Friendly Confines

My dad liked to say that in life people are free to choose their own confinements. He chose to become a teacher and found himself confined to the classroom. He chose to become a father and when I arrived he built a life based around my mother and me.

I say that our confinements help us appreciate the limited amount of freedom we have. By becoming a teacher my dad was not a librarian or a fireman or starting first baseman for the Chicago Cubs. The classroom became his world. He was bound by district rules, standardized tests, report cards and textbooks. But he had the freedom to teach Hamlet or the five-paragraph essay as he saw fit. He encouraged students to follow their passions, even though as teens many thought little of the future.

I’ve heard a theory that the major events of our lives happen no matter the daily individual choices we make. My dad was in a way destined to teach—maybe not in Chicago, maybe not English—but still a teacher. Even after his initial dream of becoming a minister wasn’t realized, he wanted to help people—lifting their spirits, nourishing their minds. Minister or teacher—he was in the same ballpark.

Oftentimes we try too hard to force the action in our lives. We push for things we think we want, only to see them escape our grasp. Then there are those opportunities we never considered, appearing out of nowhere.

There’s power in submitting to the possibility that my life follows some kind of destiny. Accepting the will of the universe and learning to live with myself? How freeing.

The Other Me

I’ve enjoyed the new series The Affair on Showtime the last few weeks. A married man named Noah meets a married woman named Alison, they fall for each other, someone connected to them dies (is murdered?) and they’re each being questioned by police at some point (years?) after the summer they met.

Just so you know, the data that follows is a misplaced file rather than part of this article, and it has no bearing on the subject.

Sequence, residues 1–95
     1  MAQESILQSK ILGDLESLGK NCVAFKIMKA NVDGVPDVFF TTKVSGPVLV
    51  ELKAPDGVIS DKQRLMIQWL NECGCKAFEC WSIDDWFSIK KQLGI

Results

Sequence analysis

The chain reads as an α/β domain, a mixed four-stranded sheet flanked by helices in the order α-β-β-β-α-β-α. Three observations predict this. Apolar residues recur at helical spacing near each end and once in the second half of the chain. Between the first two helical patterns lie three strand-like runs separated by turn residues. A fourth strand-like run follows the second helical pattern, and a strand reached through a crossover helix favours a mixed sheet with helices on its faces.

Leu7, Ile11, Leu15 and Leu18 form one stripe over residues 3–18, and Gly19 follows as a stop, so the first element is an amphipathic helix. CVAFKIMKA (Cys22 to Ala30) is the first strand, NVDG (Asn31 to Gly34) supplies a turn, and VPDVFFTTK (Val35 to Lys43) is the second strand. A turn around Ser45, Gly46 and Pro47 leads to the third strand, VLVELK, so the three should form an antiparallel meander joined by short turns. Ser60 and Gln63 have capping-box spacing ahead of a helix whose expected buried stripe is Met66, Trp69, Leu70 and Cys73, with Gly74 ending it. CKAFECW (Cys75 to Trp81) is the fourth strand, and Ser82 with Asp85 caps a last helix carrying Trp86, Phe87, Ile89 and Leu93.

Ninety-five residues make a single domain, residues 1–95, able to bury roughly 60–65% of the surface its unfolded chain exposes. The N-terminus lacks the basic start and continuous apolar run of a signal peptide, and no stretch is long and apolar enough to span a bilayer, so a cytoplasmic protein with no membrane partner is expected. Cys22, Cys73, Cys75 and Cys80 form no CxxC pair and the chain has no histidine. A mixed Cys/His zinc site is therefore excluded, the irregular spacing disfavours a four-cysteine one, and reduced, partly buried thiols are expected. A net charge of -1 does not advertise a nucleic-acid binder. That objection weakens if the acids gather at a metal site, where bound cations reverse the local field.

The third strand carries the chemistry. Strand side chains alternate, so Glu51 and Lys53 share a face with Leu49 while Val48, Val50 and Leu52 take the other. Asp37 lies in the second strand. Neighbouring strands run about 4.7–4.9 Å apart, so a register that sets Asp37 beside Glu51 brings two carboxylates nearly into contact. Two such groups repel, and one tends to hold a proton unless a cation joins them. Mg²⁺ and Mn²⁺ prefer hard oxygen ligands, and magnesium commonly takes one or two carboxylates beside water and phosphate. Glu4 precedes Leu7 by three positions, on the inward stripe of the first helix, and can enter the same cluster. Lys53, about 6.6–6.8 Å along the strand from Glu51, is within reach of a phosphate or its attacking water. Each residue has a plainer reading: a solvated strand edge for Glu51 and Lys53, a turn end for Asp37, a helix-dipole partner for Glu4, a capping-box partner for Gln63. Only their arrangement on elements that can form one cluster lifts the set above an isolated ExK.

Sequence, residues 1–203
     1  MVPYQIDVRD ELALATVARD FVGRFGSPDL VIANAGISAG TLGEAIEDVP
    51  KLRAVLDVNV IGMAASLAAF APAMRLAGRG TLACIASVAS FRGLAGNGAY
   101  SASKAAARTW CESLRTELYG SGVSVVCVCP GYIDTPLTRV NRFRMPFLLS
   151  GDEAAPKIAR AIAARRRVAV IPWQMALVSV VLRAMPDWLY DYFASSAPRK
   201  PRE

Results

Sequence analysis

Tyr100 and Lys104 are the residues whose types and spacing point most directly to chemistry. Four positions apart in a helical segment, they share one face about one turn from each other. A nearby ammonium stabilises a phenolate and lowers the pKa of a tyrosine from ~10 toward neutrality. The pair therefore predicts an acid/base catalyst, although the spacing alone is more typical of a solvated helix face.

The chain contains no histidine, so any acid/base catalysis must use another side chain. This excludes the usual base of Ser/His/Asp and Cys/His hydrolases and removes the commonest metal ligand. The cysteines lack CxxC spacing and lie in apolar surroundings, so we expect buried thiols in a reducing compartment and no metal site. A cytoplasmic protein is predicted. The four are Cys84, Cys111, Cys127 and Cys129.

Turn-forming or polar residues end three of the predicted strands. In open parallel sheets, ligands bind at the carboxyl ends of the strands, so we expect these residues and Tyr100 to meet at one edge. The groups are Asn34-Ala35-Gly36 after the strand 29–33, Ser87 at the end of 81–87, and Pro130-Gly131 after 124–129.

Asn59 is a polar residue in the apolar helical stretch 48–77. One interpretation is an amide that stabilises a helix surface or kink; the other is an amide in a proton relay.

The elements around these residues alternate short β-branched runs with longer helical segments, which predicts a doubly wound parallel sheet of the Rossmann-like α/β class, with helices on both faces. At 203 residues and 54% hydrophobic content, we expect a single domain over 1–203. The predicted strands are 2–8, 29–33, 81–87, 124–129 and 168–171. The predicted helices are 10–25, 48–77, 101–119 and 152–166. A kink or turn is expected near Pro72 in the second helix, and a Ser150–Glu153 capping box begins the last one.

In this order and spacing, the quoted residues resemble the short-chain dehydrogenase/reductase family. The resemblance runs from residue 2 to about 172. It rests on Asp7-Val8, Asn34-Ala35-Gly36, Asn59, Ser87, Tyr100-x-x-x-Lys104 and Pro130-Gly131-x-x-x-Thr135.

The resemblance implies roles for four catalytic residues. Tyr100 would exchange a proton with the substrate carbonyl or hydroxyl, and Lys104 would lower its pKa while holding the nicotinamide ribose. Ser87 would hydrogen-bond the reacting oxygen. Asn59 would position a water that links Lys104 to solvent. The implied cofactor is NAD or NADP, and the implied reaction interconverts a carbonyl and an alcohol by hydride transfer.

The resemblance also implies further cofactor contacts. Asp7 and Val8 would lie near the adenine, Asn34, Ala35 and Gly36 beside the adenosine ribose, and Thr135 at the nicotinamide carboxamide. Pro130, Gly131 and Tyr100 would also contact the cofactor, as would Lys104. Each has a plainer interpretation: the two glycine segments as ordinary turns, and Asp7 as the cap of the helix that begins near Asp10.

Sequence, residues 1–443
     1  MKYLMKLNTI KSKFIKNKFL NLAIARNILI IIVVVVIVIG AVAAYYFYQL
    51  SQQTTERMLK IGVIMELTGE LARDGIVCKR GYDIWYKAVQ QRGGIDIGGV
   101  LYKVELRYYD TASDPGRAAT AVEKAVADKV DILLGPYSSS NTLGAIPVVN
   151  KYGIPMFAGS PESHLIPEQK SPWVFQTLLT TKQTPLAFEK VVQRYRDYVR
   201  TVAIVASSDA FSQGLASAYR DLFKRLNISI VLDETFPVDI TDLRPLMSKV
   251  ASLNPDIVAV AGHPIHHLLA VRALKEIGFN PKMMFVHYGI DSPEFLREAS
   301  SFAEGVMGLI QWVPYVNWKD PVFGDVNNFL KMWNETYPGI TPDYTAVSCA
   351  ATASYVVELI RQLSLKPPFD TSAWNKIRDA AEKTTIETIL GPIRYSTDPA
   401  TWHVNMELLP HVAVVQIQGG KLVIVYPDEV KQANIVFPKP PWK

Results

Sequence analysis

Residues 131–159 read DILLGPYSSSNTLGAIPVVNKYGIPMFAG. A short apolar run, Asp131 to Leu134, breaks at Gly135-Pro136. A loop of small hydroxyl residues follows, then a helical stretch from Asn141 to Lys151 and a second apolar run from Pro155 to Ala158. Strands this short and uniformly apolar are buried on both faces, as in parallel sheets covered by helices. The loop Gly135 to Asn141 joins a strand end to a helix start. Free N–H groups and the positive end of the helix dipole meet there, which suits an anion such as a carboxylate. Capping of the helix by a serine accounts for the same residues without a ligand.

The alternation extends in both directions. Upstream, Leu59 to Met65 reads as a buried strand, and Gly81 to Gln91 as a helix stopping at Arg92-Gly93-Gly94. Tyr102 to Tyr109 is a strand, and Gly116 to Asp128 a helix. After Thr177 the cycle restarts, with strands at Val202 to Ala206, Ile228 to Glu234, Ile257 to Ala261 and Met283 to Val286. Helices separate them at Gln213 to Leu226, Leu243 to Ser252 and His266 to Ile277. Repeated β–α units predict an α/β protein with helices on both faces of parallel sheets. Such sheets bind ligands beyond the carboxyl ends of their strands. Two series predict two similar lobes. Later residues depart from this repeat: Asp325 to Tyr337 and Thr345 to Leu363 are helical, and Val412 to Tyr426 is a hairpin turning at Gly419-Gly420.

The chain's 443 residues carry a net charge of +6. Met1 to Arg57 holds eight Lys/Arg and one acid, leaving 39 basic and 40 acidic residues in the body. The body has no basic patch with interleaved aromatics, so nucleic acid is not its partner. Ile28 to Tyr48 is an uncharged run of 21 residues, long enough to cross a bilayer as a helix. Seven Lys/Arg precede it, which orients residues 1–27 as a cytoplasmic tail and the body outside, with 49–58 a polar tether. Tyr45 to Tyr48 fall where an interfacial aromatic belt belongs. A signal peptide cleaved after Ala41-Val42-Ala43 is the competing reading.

In episode 2 Noah introduces an intriguing concept. He’s speaking to Alison about his favorite physics theory from college. If you could go back to one point in your life and make a different choice, and you did, how might this alter the life you currently lead?

We’ve encountered such thoughts on this blog before. But Noah adds a twist: What if there’s a parallel world in which another version of you exists, the one who made a different choice at a crucial moment? What if there’s an Other Me on another Earth living his life (mine?) in a different way?

Of course Noah says this in the context of his budding relationship with Alison. He’s trying to picture one world in which he meets his wife in college, marries her right after graduation, and they build a life with their four kids (his “actual” life right now). But he’s tempted by the thought of leaving all that behind for Alison. Can both desires—one for family, the other for a fling—exist simultaneously?

I’m fascinated with the intricacies of choice-making. Our freedom to choose—whether it be from what to eat for lunch or what profession to pursue—is empowering, but it also exposes our vulnerabilities. On the edge of a cliff, one false step means disaster, one right move and you’re still on your feet.

As always, I’m left with a series of questions. What choices would I change if I could? Shouldn’t I simply accept every choice I’ve made? I’m always hearing how I have only this life and nothing more, and yet I find myself choosing to write about parallel worlds and other lives I might have led.

Wherever I end up, there will be moments of suffering and moments of joy. If he’s out there, does the Other Me think the same way? Does he wonder how my life is going?

A Real Page Turner

I remember from my childhood reading the Choose Your Own Adventure series. Instead of going in order from the first chapter to the last you could pick up a CYOA book and head in numerous directions.

On page 5, for example, you’d be presented with options: If you wanted to scale the mountain to avoid the bear, go to page 27; if you wanted to run into the forest away from the bear, turn to page 39, etc. Each choice led to another series of choices. Multiple outcomes existed; there was no straight line.

My life is its own Choose Your Own Adventure. I enter every day a world created by an Author other than myself. Options abound but no clear path presents itself. There’s always a bear to contend with.

I choose blindly. Sure, I can weigh options and consider where each might lead, but I’m deceiving myself if I presume to know what the future holds.

Sometimes I flirt with the idea of closing the book entirely. What’s the point in picking one path over another when all contain obstacles I might not overcome?

But then I gather myself. I believe in the promise of the story. I want to see how it ends, this book I’ve devoted my life to. My fingerprints smudge the corners, each page retains my trace. Choosing has no easy answers, but not choosing is out of the question.

An Absurd Proposition